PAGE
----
Well I haven't seen the list of those organisations, so I'm not entirely sure how seriously I ought to take them. But my impression is that a lot of people in the United States, and indeed in the United States business community, take climate change, sustainable development and the problems of the summit, very seriously indeed. Some of the world leaders in this field, whether it's in terms of non-governmental campaigners or, as I say, some of the corporate citizens in America, are actually from the States, they are American leaders in this field. It's true that the American government is not doing as much as we would all like to see it do, but that doesn't mean there aren't lots of people in America who take these issues just as seriously as they deserve.

GAVIN ESLER:
How are you going to handle Robert Mugabe, because he will be there and I suppose it will stick in the craw of a lot of people that a man who's apparently starving his own people is going to be lecturing the world about sustainable development.

MARGARET BECKETT:
Well no doubt President Mugabe will seek to lecture others but I think the most important and crucial thing is to make sure that the summit is not dominated by the issue of Robert Mugabe, or indeed by the terrible position that is happening in Zimbabwe. There is nothing President Mugabe would like better than to think that a whole world summit has been hijacked by his behaviour and his concerns. The summit is too important for that.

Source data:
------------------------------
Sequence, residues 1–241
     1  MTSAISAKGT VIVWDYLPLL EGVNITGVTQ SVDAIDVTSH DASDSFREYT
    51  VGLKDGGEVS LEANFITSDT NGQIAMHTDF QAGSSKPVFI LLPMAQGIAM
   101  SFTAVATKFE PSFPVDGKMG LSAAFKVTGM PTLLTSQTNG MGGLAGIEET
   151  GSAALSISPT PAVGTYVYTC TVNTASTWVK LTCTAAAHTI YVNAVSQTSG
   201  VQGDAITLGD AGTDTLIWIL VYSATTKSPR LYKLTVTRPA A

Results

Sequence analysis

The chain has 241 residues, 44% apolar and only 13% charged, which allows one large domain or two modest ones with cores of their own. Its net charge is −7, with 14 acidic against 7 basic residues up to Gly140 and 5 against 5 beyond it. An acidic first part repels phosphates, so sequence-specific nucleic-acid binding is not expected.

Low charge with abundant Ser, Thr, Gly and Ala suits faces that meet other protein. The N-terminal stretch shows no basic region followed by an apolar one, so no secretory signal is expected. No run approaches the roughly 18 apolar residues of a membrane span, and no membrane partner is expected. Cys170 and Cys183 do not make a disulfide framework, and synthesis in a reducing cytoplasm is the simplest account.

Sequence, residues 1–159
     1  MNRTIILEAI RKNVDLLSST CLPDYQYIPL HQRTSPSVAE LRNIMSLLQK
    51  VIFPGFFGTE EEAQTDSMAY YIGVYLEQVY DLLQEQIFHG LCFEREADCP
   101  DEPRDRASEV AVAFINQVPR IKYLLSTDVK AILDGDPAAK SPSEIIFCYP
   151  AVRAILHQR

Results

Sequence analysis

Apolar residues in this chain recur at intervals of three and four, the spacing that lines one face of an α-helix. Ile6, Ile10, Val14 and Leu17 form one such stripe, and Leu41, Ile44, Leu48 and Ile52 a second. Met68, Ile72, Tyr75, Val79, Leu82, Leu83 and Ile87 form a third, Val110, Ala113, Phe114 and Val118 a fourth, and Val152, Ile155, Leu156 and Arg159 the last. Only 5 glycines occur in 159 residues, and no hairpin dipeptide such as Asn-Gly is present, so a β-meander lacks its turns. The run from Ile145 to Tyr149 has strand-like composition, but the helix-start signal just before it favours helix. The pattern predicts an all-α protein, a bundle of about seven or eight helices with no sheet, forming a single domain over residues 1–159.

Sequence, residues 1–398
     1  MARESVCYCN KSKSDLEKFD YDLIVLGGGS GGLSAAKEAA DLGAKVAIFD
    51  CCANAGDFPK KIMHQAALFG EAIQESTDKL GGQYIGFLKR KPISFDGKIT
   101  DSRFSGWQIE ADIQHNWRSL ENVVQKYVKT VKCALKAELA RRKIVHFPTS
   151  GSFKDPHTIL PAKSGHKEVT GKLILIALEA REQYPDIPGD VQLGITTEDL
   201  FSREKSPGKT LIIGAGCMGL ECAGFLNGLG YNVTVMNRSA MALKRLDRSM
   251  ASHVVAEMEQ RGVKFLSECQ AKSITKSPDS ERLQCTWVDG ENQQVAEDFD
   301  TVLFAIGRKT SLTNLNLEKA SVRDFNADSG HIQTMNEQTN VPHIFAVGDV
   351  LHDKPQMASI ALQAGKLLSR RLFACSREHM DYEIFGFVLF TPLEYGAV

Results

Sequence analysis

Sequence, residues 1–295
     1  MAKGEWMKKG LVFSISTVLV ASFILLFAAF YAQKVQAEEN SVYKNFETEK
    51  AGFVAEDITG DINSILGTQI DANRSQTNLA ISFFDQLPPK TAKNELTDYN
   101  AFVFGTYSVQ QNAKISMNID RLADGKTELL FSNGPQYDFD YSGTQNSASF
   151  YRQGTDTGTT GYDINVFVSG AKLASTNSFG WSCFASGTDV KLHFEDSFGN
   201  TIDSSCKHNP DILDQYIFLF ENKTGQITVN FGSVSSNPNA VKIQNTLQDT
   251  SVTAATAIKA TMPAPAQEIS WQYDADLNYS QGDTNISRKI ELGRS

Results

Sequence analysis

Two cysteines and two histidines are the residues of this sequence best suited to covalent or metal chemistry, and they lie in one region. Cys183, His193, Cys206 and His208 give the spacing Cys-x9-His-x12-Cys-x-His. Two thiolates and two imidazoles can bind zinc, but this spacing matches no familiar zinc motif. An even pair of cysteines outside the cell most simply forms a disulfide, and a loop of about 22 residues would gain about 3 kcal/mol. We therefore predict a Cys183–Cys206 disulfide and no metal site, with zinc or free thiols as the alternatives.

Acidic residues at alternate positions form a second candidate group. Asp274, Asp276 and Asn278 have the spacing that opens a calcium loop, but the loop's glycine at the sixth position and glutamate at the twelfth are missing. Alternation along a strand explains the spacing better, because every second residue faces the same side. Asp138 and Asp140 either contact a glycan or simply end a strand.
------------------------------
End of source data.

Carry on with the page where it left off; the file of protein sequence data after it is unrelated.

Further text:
GAVIN ESLER:
But will you be there? Will the Prime Minister be there -

MARGARET BECKETT:
I will certainly be there.

GAVIN ESLER:
- when Robert Mugabe talks, though - but will you listen to what he has to say or will you boycott it?

MARGARET BECKETT:
Well I have no idea when Robert Mugabe will be scheduled to speak -

GAVIN ESLER:
I think it's an hour after the Prime Minister, I think it is.

MARGARET BECKETT:
Well that - I have heard that too, but whether there's any substance in it, I genuinely don't know because I've only heard it from the Conservative Party who are probably not an unbiased, giving unbiased evidence in this respect. But as I say, it's important, this is an important summit, it's a hugely important issue, it's very, very necessary that this summit is a success, and it will not be a success if it's hijacked by the issues of Robert Mugabe, although they are very important in Zimbabwe and it's important that as a world we do what we can to pressure the right behaviour, to pressure changes in policy - this summit is not the place to do it.

GAVIN ESLER:
Do you see, though, any merits in the Conservative view, which is that you should essentially not help those African countries that do not put pressure on Mr Mugabe?

MARGARET BECKETT: